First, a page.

Index  Dorothy Wordsworth

Tour in Scotland

We saw a ragged, lame fellow with a fishing-rod over his shoulder 

An encounter with a colourful company

The Wordsworths liked to view the Scottish landscape from the water and sailed a number of times over one of the lakes or lochs that were sandwiched between the impressive mountains. They usually did not encounter many people on or near the water. As an exception, they ran into a colourful company during their journey across Loch Etive. The description below not only gives an impression of that company, but also shows the perseverance of the Wordsworths, who were not even put off by the worst dog weather.

On the wide waters of Loch Etive, Dorothy and William passed between two mountains: on the right was Cruachan, 'which rose directly from the lake', and on the left, Ben Durinish, 'rugged and very steep, with jagged bushes between the rocks and the stones'.

Rain and mist
We crossed the water, which was very rough in the middle, but calmer near the shores, and some of the rocky basins and little creeks among the rocks were as still as a mirror, and they were so beautiful with the reflection of the orange-coloured seaweed growing on the stones or rocks, that a child, with a child's delight in gay colours, might have danced with joy at the sight of them. It never ceased raining, and the tops of the mountains were concealed by mists, but as long as we could see across the water we were contented; for though little could be seen of the true shapes and permanent appearances of the mountains, we saw enough to give us the most exquisite delight: the powerful lake which filled the large vale, roaring torrents, clouds floating on the mountain sides, sheep that pastured there, sea-birds and land birds. We sailed a considerable way without coming to any houses or cultivated fields.

In this desolation, Dorothy and William hoped to meet someone who could inform them of next day's intended route. They looked for a sign of habitation on the banks of the loch.

The rain became so heavy that we should certainly have turned back if we had not felt more than usual courage from the pleasure we had enjoyed, which raised hope where none was. There were some houses a little higher up, and we determined to go thither and make further inquiries. We could now hardly see to the other side of the lake, yet continued to go on, and presently heard some people pushing through a thicket close to us, on which the boatman called out, 'There's one that can tell us something about the road to Glen Coe, for he was born there.'  We looked up and saw a ragged, lame fellow, followed by some others, with a fishing-rod over his shoulder; and he was making such good speed through the boughs that one might have half believed he was the better for his lame leg. He was the head of a company of tinkers, who, as the men told us, travel with their fishing-rods as duly as their hammers. On being hailed by us the whole company stopped; and their lame leader and our boatmen shouted to each other in Erse - a savage cry to our ears, in that lonely and romantic place. We could not learn from the tinker all we wished to know, therefore when we came near to the houses William landed again with the owner of the boat. The rain was now so heavy that we could see nothing at all—not even the houses whither William was going.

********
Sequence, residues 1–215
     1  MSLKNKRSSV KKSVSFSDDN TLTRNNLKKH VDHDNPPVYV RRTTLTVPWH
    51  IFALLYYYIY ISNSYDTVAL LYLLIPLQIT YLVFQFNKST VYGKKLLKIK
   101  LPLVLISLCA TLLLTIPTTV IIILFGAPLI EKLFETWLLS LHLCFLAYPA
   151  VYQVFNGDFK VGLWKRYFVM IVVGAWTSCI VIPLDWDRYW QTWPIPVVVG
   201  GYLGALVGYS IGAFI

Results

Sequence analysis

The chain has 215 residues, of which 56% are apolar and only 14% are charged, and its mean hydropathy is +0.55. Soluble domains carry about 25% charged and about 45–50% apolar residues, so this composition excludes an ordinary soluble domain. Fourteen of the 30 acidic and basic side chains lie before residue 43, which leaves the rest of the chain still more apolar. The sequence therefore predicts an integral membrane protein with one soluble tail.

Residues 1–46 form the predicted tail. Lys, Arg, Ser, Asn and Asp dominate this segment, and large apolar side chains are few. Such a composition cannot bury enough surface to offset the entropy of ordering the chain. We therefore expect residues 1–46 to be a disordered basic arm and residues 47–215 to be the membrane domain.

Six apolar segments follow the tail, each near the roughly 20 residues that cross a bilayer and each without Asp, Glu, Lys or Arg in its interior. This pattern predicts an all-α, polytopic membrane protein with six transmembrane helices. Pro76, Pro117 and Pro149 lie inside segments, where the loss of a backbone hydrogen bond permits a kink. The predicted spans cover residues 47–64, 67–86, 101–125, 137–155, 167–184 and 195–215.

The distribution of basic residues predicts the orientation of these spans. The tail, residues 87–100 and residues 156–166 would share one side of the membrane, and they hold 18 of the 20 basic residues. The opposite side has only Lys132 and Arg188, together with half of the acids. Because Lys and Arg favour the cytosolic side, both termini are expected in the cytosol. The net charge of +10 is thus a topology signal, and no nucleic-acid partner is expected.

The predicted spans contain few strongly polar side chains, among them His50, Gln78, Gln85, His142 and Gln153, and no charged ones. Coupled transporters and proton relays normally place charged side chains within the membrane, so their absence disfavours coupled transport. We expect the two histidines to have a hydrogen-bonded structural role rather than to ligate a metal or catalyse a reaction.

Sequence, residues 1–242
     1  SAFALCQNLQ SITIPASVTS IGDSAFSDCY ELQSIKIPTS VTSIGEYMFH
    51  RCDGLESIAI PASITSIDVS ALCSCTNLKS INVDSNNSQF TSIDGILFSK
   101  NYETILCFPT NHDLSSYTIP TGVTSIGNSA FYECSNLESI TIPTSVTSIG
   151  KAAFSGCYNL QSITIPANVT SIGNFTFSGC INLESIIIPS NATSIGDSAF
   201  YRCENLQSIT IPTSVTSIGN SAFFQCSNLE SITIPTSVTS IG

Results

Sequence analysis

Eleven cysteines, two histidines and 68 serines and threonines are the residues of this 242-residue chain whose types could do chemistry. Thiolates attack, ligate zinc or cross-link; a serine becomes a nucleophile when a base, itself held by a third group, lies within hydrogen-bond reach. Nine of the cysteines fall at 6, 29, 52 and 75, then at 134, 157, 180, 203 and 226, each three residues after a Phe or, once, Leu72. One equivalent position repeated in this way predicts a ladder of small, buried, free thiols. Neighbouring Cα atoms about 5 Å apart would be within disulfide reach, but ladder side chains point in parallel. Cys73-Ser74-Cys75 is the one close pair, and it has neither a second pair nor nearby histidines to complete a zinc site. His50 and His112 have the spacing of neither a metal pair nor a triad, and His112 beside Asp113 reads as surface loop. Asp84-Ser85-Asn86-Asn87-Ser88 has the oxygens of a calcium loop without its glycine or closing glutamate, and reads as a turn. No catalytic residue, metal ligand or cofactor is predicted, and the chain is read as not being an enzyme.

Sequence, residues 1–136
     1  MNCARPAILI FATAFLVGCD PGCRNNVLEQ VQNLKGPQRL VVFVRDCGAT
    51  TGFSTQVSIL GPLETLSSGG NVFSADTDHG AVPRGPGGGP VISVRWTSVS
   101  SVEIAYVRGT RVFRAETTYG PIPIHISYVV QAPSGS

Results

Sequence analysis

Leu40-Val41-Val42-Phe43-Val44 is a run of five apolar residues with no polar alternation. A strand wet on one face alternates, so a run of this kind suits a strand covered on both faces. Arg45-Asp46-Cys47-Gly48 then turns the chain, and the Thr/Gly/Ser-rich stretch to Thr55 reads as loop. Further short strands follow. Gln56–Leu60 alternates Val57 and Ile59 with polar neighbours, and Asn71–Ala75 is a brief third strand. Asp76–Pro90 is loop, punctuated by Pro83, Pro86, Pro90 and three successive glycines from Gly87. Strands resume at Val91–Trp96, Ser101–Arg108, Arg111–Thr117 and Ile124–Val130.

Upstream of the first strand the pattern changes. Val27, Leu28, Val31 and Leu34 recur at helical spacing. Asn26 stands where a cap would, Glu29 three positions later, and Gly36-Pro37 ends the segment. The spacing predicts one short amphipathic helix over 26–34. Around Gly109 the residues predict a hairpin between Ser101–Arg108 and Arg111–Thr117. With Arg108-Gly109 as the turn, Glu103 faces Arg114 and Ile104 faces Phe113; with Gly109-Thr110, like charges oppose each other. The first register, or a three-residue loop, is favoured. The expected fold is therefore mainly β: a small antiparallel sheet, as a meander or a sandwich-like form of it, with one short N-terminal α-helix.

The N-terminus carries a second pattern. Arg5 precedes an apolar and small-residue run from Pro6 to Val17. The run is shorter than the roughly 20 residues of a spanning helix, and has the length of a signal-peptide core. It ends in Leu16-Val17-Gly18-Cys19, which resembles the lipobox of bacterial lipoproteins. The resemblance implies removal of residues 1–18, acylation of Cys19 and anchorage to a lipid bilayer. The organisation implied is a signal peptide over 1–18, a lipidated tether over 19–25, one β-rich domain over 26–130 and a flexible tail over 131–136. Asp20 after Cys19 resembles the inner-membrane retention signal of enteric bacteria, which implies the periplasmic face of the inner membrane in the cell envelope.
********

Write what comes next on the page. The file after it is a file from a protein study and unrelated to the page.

Near the cottages, William met a man who, despite the heavy rain, was working with others in a hay field. He received the desired information from him.

Later in the afternoon, the Wordsworths encountered the tinkers again, this time on the water.

We rowed right across the water to the mouth of the river of Loch Awe, our boat following the ferry-boat which was conveying the tinker crew to the other side, whither they were going to lodge, as the men told us, in some kiln, which they considered as their right and privilege - a lodging always to be found where there was any arable land - for every farm has its kiln to dry the corn in: another proof of the wetness of the climate. The kilns are built of stone, covered in, and probably as good a shelter as the huts in which these Highland vagrants were born. They gather sticks or heather for their fire, and, as they are obstinate beggars, for the men said they would not be denied, they probably have plenty of food with little other trouble than that of wandering in search of it, for their smutty faces and tinker equipage serve chiefly for a passport to a free and careless life. 

It rained very heavily, and the wind blew when we crossed the lake, and their boat and ours went tilting over the high waves. They made a romantic appearance; three women were of the party; two men rowed them over; the lame fellow sate at one end of the boat, and his companion at the other, each with an enormous fishing-rod, which looked very graceful, something like masts to the boat. When we had landed at the other side we saw them, after having begged at the ferry-house, strike merrily through the fields, no doubt betaking themselves to their shelter for the night.